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Appendix D Biographical Sketches of Pane} Members and Staff EDWARD J. RINALDUCCI is professor of psychology and coor- dinator of the Engineering Psychology Program at the school of psychology of the Georgia Institute of Technology. Previously he held academic positions at the University of Virginia. His current research interests include both basic and applied aspects of vision research, illuminating engineering, human factors in transporta- tion systems (i.e., automobile and aircraft), and human spatial behavior. He is a member of the American Psychological Association, the Human Factors Society, the Optical Society of America, the Illuminating Engineering Society, the Association of Aviation Psychologists, the Psychonomic Society, and Sigma Xi. He received a BA degree in psychology from Lehigh University, an MA degree from the University of New Hampshire, and a PhD degree in psychology from the University of Rochester. JANET BERTINUSON is director of occupational health and safety for the Alberta Federation of Labour, and she serves on the Canadian Labour Congress National Health and Safety Committee and the Labour Canada Committee on the labeling of hazardous substances. Previously she was acting director of the Labor Occupational Health Program at the University of California, Berkeley, and health and safety associate for the Oil, Chemical and Atomic Workers International Union. She has a BA degree from Clarke College and an MS degree in environmental health from the University of Cincinnati. ROBERT D. CAPLAN is senior study director at the Institute for Social Research at the University of Michigan. His research interests and publications deal with psychosocial stressors, particularly in work settings, and how these stressors affect mental and physical health. He is a fellow of the Section on 237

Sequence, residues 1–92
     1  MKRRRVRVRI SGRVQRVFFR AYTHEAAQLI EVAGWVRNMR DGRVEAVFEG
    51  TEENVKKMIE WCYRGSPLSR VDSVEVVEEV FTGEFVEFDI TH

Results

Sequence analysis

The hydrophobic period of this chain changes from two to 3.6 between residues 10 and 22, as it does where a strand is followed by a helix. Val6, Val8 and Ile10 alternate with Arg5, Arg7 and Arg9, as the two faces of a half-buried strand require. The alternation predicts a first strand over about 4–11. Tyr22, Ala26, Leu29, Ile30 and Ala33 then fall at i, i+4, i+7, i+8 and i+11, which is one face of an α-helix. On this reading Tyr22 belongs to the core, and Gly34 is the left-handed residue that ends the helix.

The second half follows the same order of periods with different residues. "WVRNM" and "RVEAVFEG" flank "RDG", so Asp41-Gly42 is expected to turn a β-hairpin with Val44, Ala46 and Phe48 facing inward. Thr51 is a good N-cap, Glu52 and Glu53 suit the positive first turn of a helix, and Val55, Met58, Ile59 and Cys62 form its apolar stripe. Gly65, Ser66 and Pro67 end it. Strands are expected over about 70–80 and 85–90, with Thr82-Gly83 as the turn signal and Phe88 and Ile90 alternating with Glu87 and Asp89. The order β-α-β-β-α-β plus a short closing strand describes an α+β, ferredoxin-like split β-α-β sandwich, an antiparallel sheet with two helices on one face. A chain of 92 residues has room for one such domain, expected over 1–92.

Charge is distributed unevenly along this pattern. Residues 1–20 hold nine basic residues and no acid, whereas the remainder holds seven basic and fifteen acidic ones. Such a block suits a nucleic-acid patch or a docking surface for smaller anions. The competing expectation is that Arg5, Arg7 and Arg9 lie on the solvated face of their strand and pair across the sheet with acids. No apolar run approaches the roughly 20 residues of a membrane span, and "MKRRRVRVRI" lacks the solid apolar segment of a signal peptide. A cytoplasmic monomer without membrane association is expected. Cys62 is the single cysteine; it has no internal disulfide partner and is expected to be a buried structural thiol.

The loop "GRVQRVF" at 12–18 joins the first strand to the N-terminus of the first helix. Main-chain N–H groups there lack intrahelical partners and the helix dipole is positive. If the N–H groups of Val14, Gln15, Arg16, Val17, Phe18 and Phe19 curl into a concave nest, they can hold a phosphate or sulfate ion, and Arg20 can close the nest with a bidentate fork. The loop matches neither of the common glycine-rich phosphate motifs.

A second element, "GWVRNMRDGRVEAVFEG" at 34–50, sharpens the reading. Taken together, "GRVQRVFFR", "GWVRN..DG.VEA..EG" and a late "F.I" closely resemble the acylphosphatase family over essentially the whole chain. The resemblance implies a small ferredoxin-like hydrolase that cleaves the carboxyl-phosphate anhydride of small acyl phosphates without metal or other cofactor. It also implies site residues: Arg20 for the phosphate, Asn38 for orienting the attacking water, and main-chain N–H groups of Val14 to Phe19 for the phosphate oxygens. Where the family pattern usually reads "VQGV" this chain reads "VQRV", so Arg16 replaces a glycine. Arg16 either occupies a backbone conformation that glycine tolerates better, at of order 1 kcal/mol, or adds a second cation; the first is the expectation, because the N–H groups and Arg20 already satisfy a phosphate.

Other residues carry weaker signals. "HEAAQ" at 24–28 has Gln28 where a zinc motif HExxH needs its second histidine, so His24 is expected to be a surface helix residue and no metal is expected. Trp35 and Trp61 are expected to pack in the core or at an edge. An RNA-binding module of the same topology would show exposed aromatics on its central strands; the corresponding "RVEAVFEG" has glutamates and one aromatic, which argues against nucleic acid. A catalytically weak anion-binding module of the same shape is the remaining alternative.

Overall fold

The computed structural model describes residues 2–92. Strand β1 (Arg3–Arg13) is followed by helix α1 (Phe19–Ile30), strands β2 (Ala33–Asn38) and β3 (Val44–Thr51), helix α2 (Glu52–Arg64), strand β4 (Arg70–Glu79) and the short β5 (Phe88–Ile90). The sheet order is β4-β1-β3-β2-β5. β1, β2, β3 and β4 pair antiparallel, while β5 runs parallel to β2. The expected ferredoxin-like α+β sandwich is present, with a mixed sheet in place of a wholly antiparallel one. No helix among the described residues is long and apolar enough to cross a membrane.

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238 Epidemiology of the American Heart Association, a past officer of the Society for the Social Psychological Study of Social Issues (Division 9 of the American Psychological Association), and a former Fulbright scholar. He received a PhD degree in organizational psychology from the University of Michigan. ROBERT M. GUION is university professor of psychology at Bowling Green State University. He has been at Bowling Green since receiving his PhD in 1952, except for periods of leave to teach at the University of California, Berkeley, and the Univer- sity of New Mexico and to do research for the state of Hawaii and the Educational Testing Service. His research interests are pri- marily in the field of industrial and organizational psychology, more specifically in the study of fair employment practices in employee selection and employee compensation. He has served as chair of the Board of Scientific Affairs of the American Psycho- logical Association (APA) and has been the president of two divisions in the APA. He is editor of the Journal of Applied Psychology. He has twice received the James McKeen Cattell award for excellence in research design. He did his undergraduate work at the State University of Iowa and received a PhD degree from Purdue University. VINCENT M. KING is associate dean of the College of Optometry at Ferris State College. Previously he held faculty positions at Ohio State University and Pennsylvania College of Optometry. He has also served as chair man of the Commission on Ophthalmic Standards of the American Optometric Association and as the organization's representative on various American National Standards Institute committees charged with developing ophthal- mic standards. His research interests include study of the physio- logical bases of ocular and visually related discomfort. He is a fellow of the American Academy of Optometry and a member of the American Optometric Association and the Association for Research in Vision and Ophthalmology. He received a BSc degree in optometry and MSc and PhD degrees from Ohio State University. DAVID H. SLINKY is chief of the Laser Branch, Laser Microwave Division, of the U.S. Army Environmental Hygiene Agency at Aberdeen Proving Ground, Maryland. He has published widely on subjects related to laser hazards and is an editor of Health Physics. He is a subcommittee chairman on the American National Standards Institute (ANSI) committees on safe use of